What is the way to increasing the number of female engineers? Maybe it’s to give them more reason to be interested.
Lina Nilsson, Innovation Director at UC Berkeley’s Blum Center for Developing Economies, argues in the New York Times today that women are in fact well-represented in engineering fields that embody social purpose or a broader meaning.
When the Blum Center began offering a Ph.D. minor in development engineering last year, women accounted for half of students who signed up and are now working on affordable technologies to purify water, diagnose tropical diseases, and carry out manufacturing in low-income nations. Nilsson cites similar developments at Arizona State University (where humanitarian engineering courses have twice as many women as its traditional engineering classes), the University of Minnesota, Pennsylvania State University and Santa Clara University.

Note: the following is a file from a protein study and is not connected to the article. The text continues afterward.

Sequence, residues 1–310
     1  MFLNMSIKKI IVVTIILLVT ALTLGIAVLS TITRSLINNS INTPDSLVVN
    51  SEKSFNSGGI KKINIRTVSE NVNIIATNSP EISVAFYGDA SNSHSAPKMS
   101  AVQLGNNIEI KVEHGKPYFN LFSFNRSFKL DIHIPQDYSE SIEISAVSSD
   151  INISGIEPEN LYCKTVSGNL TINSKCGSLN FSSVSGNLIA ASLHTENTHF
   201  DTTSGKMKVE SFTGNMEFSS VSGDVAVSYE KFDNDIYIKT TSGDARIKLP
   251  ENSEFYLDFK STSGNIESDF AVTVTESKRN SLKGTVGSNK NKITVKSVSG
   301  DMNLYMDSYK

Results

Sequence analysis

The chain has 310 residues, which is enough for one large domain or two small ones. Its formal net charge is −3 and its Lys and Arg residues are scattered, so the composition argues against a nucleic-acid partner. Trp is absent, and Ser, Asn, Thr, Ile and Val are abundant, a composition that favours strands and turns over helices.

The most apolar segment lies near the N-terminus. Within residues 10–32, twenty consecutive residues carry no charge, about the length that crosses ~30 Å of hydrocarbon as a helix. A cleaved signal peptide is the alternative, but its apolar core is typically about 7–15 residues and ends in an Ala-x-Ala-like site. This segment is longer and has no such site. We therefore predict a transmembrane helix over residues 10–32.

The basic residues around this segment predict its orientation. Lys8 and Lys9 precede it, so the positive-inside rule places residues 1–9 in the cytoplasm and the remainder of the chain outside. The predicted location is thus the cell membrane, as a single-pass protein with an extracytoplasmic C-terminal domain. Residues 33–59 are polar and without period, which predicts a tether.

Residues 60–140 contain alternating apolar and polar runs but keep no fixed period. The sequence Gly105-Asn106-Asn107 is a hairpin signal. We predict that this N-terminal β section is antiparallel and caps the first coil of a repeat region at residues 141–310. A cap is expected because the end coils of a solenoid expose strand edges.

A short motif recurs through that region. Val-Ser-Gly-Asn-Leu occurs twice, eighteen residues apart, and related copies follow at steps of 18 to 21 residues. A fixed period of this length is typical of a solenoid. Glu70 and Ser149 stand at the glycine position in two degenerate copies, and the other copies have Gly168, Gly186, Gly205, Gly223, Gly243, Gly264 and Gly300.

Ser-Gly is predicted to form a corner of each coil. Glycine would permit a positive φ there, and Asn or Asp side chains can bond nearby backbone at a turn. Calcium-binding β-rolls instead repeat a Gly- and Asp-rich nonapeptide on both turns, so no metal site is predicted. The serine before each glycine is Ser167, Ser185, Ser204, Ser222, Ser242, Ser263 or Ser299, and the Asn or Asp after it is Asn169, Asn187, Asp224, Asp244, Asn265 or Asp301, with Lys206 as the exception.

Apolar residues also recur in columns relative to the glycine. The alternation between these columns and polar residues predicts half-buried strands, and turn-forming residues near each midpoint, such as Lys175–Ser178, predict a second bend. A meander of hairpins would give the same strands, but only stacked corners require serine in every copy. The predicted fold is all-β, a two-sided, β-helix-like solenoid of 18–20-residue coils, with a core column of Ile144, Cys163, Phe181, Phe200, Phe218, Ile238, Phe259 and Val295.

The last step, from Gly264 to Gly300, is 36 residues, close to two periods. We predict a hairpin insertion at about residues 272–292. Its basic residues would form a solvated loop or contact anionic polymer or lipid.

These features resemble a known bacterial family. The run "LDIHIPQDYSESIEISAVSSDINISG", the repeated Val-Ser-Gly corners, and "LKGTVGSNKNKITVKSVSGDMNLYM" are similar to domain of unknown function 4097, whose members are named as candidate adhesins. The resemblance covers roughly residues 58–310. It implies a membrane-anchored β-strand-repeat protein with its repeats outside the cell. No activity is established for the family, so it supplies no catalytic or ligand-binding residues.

“What does all this show?” Nilsson writes. “It shows that the key to increasing the number of female engineers may not just be mentorship programs or child care centers, although those are important. It may be about reframing the goals of engineering research and curriculums to be more relevant to societal needs. It is not just about gender equity — it is about doing better engineering for us all.”